Former Nigerian international striker Chenido Obase said he was asked to pay a bribe if he wanted to join his country's squad for the 2014 FIFA World Cup in Brazil, which was denied by a member of the technical staff during that era.
Obasi is 33 years old and has not been associated with any team since his departure from Sweden's Ike team in January. During his career, the striker defended the colors of several clubs, most notably Hoffenheim and Schalke 04, and played his last international match with the "Super Eagles" (Nigerian Super Eagles) team in 2011, after he participated in the World Cup in South Africa 2010, and was crowned the silver medal in the 2008 Beijing Olympics.
"I was supposed to participate in the 2014 World Cup," Obasi said during an interview on social media this weekend. "At the time, I was with Schalke 04 and playing the Champions League, and everything was fine."
He continued, "At the end of the season, I was invited to the national squad for two friendly matches (in preparation for the World Cup) in South Africa," but "two days before the squad was announced, I was asked to pay a sum of money if I wanted to be with the national team."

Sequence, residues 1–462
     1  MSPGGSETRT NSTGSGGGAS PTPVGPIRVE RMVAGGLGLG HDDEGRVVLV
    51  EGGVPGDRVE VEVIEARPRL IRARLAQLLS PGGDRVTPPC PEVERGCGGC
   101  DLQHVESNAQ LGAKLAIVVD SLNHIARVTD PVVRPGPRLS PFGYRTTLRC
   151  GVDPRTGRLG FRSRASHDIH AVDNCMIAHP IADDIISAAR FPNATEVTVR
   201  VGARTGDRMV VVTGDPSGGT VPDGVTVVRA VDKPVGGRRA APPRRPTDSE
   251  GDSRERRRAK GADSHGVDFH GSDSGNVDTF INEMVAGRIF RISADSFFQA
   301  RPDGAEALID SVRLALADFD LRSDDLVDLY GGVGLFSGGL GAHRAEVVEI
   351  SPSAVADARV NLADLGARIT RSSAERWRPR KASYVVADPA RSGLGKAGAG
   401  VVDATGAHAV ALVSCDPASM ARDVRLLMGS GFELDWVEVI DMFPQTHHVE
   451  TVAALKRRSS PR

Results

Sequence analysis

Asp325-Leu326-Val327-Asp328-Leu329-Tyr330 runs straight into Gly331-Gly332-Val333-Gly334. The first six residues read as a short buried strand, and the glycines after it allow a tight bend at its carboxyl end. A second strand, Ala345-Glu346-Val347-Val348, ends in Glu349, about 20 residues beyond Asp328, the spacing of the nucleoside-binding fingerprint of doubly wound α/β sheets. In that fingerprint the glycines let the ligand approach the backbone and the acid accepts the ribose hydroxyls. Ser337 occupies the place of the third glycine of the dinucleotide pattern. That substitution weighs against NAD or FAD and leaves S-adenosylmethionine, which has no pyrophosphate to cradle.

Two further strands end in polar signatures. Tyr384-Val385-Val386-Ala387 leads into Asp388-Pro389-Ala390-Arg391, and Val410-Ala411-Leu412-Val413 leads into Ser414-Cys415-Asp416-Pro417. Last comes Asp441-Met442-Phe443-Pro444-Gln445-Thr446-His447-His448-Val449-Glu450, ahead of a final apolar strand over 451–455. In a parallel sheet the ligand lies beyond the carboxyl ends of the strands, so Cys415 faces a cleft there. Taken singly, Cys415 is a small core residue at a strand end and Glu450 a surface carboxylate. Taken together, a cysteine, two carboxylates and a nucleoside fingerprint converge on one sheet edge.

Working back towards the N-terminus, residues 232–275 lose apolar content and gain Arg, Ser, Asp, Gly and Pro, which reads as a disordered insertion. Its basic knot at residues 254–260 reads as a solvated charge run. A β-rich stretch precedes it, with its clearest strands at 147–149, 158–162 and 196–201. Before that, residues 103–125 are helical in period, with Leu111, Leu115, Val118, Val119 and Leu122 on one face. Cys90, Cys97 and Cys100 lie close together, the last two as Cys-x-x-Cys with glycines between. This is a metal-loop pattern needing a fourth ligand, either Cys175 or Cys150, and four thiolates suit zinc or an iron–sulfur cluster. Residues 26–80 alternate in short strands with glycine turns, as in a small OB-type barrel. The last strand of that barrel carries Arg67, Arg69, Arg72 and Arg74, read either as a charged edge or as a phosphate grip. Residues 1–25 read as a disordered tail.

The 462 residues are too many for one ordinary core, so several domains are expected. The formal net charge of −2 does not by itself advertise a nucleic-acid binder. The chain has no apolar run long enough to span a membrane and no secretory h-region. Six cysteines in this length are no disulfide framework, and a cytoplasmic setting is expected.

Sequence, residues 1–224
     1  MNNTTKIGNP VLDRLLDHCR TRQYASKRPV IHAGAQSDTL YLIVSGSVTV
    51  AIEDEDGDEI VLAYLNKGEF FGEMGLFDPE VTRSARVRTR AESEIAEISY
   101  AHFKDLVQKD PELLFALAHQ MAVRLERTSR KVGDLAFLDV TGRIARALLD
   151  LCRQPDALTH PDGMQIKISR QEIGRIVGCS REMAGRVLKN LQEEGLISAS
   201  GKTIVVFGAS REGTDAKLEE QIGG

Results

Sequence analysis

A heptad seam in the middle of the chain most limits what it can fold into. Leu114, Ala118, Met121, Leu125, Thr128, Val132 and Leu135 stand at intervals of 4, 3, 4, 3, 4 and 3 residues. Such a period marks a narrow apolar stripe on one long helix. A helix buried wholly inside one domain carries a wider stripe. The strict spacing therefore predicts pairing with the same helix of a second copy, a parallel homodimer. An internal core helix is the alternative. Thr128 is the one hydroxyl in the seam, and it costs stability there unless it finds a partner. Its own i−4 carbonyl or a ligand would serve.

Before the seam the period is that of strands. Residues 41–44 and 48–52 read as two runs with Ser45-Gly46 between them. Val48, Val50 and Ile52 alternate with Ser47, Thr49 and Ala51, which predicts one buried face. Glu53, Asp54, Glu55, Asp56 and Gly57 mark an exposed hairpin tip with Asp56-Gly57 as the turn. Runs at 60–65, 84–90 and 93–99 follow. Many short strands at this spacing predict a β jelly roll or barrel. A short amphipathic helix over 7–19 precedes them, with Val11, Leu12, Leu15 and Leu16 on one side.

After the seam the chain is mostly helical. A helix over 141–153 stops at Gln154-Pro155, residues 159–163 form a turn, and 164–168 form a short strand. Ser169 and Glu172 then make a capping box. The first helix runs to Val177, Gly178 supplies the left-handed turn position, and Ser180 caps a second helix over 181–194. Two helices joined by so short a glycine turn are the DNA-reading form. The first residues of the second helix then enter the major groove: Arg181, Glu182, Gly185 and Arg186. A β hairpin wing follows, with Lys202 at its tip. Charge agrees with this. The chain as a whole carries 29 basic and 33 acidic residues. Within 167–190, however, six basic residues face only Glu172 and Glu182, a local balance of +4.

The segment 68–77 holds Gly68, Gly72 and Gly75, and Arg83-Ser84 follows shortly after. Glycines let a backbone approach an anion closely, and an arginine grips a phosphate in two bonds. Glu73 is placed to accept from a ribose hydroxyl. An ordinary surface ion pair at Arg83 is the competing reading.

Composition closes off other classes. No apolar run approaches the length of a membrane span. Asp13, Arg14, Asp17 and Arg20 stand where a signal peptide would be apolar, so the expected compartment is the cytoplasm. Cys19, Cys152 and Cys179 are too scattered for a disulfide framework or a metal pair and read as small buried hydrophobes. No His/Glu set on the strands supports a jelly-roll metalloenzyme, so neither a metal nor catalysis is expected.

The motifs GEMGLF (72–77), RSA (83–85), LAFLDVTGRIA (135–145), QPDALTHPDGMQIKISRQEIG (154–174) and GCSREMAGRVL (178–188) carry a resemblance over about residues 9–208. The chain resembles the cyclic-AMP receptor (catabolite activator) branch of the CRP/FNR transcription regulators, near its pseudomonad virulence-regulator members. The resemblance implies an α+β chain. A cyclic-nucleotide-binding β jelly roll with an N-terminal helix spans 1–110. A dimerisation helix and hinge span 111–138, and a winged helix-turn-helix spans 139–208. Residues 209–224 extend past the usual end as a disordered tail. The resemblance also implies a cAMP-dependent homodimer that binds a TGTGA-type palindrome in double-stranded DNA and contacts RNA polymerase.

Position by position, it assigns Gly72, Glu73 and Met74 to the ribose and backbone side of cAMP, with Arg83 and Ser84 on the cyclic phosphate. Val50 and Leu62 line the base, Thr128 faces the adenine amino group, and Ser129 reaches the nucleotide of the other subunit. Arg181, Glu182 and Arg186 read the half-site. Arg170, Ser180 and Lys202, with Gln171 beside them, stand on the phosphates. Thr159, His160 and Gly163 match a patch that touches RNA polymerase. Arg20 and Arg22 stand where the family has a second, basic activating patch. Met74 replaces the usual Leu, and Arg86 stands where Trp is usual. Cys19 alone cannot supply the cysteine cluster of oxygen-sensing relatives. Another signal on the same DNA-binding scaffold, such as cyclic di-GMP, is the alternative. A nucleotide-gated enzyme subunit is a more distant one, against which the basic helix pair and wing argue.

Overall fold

Obasi did not specify who asked to pay the amount. The player, who was not eventually called up to the 2014 World Cup squad, confirmed that he had refused to pay.
"I felt that I had done my part for my country. If I were a new player you could understand that, but for me, it was personal and heartbreaking," he said.
He pointed out that his absence from the World Cup prevented the completion of a transfer deal to the English Premier League.
However, Valver Hudono, a member of the technical staff of the Nigerian national team during the Brazilian World Cup, confirmed that the exclusion of Obasi was due to his decline and the presence of emerging players in the offensive line at the time.
"The question is about his positioning any of the attackers at the time? (...) He was invited (to friendly matches) as any potential player to be included in the World Cup squad, because the technical staff wanted to take the best players to Brazil. He failed to join the squad because he was unable to From displacing one of the national team. "
But Daniel Amokashi, the former international player who was also in the technical staff of the 2014 World Cup, saw that corruption in the game locally is not limited to officials, but also includes players and their agents, without directly addressing the Obasi case.
"The issue of paying bribes or charging them in our football is not a one-way street. The agents of some players come to meet the coach and offer him money to include their clients (to the squad)," he said.
"This is a two-way road. Sometimes players come to the coach and tell him + my agent will pay if he is included in the squad +", without exempting coaches and officials from involvement in such practices, he explained.
Nigeria is seeing investigations of corruption allegations against senior officials of the Football Association.